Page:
This is a personal project that I have worked on. I wanted to learn about maze generator algorithms and how they work. There are many algorithms that can be used to generate mazes, however, I only implemented four different algorithms, based on their implementation difficulty and percentage of dead ends and long corridors.

Originally the maze could be generated to a size of 250x250 cells/units, but I reduced it to 50x50 cells so it can be played as well and shown in once screen at once.

The algorithms used are:

Originally the maze could be generated to a size of 250x250 cells/units, but I reduced it to 50x50 cells so it can be played as well and shown in once screen at once.

The algorithms used are:

1. Prim's - One of the hardest to implement, however it is the fastest and generates mazes that have an even spread of dead ends and corridors. It has no bias towards any patterns and the difficulty of the maze varies from the size dimensions.

2. Recursive Back Tracker (Depth-first search) - Easier than Prim's to implement, but it's esthetically pleasing to watch it generate a maze. Same as the Prim's algorithm, this one has no pattern bias, however, it creates a maze with long corridors and a lower amount of dead ends. The maze difficulty depends on the size dimensions as well.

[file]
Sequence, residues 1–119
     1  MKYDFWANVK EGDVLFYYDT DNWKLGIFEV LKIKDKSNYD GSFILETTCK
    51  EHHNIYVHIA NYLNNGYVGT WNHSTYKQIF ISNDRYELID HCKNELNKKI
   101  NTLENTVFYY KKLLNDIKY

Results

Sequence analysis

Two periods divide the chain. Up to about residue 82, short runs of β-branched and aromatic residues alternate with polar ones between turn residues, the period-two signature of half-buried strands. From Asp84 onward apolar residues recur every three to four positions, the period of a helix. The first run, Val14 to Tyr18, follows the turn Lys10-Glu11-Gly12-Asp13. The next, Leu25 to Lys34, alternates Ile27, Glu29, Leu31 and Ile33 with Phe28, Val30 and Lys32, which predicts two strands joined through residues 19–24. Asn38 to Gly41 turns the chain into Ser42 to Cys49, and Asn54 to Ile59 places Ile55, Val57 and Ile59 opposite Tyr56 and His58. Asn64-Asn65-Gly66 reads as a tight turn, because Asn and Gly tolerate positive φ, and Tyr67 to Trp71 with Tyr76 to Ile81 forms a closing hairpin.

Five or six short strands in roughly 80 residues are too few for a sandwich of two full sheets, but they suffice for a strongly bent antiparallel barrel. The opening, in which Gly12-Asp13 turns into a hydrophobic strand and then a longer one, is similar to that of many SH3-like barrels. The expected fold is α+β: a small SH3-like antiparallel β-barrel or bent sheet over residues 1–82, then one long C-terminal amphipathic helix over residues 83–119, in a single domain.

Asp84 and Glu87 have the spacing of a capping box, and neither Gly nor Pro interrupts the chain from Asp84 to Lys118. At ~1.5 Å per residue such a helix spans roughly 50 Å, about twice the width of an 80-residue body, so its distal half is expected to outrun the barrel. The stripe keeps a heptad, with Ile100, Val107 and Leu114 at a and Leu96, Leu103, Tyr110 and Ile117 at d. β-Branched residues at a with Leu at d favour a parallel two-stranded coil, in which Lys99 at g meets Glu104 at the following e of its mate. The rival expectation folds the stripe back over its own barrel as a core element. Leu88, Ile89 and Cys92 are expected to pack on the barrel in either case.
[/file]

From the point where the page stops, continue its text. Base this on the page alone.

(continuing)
3. Binary Tree - One of the easiest algorithms to implement, but its drawback is that the generated mazes tend to have a high diagonal bias, meaning that the solutions often are placed around one half of the maze thus easier to solve.

4. Eller's - Roughly the same as the Prim's algorithm when talking about the generated mazes, however it tends to have a solution bias depending on from which corner the algorithm starts building the maze. It is one of the hardest algorithms to implement and it is good for generating infinitely tall mazes since it does not use that much memory.

The algorithms are animated as well so to show how they work step by step. The generated mazes can be played as well once generated.